It's started raining here in Northern California. Finally, two months after the calendar officially declared it autumn, it's feeling truly ...
It’s started raining here in Northern California. Finally, two months after the calendar officially declared it autumn, it’s feeling truly autumnal. Cloudy mornings, early sunsets.
We’ve overhauled the Test Garden somewhat in the past few months, pulling out some underperforming roses and planting a new flower bed from seed.
Only problem, of course, is that what’s mostly taken root are volunteers—plants that in other circumstances would be welcome, but in the middle of my seeded bed are nothing but pests. Below, nasturtiums (on the left) and borage, whose cucumber-scented sprouts vigorously colonize any damp, well-composted piece of soil.
The other thing we have a lot of are olives, falling from a giant, decades-old tree that stretches over our chicken coop and part of the garden. Its fruit is raining down on us at this time of year, plump and black.
Don’t they look beautiful? Yeah, that’s an illusion. The reason that they’re “ripening” on the tree so quickly is that we have olive fly, which our own oil-makers Team Olive discovered last year. Our infested fruit—a beautiful blue-black, with a lovely powdery blush—falls all over that half of the garden.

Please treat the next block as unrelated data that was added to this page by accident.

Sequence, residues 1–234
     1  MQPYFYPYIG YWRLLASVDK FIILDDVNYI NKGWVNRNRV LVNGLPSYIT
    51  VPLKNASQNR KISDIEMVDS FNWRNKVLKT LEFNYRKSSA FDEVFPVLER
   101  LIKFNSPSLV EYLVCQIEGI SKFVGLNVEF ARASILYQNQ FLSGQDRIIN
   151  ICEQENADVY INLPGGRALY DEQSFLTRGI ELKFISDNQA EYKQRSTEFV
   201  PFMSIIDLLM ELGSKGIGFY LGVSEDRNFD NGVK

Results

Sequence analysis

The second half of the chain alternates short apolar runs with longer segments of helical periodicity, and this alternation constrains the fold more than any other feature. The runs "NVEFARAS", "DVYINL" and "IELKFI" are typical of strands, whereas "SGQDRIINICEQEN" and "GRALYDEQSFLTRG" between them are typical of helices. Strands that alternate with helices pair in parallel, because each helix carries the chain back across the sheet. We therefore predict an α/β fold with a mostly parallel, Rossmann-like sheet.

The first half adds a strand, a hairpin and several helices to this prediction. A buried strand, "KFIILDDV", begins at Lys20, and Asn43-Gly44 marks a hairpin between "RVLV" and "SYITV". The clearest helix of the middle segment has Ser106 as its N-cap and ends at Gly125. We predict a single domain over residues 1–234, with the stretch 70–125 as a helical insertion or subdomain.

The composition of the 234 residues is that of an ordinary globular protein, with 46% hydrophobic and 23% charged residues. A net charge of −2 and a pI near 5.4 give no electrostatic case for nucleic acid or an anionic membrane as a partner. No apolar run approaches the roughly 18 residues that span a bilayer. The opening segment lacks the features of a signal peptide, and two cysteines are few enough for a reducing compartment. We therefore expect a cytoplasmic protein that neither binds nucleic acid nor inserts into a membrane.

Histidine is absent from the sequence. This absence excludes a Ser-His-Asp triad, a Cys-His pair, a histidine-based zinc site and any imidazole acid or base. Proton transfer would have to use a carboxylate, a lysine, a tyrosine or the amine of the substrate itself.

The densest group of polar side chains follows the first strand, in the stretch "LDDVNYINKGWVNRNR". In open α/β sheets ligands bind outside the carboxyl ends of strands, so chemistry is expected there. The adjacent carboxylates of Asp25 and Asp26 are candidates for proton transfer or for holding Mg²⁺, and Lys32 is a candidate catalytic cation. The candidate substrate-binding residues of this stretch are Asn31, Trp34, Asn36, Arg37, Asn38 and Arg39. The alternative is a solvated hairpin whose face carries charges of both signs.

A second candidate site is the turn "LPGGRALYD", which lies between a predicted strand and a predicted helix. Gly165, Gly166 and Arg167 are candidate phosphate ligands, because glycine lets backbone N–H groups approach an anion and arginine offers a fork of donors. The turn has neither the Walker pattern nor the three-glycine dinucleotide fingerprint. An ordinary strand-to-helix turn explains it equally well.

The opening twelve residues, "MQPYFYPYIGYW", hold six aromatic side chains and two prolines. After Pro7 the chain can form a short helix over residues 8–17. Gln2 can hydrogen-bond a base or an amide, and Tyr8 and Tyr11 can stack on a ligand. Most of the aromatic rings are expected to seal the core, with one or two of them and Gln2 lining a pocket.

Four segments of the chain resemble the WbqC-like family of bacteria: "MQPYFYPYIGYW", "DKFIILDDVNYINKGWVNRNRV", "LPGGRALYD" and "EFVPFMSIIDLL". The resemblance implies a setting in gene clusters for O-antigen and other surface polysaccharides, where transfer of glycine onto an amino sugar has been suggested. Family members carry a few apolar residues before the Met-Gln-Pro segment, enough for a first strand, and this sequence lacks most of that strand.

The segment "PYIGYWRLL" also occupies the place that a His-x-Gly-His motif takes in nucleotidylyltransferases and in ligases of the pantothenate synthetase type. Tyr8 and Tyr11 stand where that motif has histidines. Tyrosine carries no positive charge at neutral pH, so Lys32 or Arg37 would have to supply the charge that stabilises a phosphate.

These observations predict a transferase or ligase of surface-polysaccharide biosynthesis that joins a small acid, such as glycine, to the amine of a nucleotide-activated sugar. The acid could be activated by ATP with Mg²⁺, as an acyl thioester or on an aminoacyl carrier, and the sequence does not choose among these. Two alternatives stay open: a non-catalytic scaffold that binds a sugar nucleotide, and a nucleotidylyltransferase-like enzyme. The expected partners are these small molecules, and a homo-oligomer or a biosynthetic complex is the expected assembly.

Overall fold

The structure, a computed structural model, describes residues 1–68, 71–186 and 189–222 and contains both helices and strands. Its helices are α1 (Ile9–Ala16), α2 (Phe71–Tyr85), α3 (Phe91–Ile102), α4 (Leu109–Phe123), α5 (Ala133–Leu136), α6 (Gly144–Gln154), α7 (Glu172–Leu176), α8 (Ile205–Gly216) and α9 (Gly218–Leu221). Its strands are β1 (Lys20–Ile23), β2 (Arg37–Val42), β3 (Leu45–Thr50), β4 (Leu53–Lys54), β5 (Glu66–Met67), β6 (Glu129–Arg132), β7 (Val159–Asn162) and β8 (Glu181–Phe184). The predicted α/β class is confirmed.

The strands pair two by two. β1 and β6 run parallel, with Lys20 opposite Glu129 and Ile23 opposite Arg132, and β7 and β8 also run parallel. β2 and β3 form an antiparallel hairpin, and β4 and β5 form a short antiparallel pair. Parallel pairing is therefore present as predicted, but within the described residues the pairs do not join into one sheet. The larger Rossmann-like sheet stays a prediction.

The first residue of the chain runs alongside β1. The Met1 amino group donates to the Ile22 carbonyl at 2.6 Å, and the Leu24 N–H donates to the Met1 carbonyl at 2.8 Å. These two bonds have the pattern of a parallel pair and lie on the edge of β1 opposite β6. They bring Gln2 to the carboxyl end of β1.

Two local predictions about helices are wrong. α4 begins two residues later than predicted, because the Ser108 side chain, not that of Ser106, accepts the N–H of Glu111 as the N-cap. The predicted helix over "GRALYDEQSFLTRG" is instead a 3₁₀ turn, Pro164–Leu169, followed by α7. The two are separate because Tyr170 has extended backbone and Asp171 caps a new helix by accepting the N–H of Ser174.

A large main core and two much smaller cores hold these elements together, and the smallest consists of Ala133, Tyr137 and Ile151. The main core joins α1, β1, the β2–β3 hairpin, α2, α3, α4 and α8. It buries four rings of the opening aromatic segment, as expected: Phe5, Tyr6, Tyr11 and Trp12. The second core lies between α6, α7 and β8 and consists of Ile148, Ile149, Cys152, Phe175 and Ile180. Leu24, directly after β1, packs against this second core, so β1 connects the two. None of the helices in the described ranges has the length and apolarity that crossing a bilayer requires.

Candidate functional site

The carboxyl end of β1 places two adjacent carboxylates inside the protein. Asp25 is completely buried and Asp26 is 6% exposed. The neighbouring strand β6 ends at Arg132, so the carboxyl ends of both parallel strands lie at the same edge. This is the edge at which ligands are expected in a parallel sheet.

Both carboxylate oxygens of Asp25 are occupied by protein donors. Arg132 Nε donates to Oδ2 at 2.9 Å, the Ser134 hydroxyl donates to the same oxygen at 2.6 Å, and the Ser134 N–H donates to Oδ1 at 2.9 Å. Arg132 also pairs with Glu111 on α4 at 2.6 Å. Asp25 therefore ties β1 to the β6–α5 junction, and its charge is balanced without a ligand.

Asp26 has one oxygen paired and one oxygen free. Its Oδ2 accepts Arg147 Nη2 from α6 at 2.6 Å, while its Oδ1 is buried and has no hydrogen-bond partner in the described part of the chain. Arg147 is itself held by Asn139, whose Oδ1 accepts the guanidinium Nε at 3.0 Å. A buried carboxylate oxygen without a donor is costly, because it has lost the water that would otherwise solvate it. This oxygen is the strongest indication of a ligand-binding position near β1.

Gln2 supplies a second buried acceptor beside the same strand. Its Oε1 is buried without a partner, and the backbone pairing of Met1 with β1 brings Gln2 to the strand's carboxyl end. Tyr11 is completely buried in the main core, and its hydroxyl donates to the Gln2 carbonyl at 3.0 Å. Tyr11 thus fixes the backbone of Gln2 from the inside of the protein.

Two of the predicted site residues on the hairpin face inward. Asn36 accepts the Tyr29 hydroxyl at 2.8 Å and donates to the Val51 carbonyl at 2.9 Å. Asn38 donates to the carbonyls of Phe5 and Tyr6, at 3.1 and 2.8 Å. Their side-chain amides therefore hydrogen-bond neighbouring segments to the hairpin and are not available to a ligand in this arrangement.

Last year, I was worried about them eating whole olive pits, but since then I’ve learned some things about the intricacies of chicken digestive systems. In short: Chickens have two stomachs, the glandular one called the proventriculus and the mechanical one, the gizzard. Sometimes people call all animal entrails “the gizzards,” but it’s a real organ with a specific meaning. It’s where the grit and small stones that chickens eat end up; they help grind up the hard seeds and other fibrous foods that are part of a healthy chicken’s diet.
The garden gives, the chickens take. It’s got a nice circle-of-life quality to it.
by Elizabeth Jardina, Sunset researcher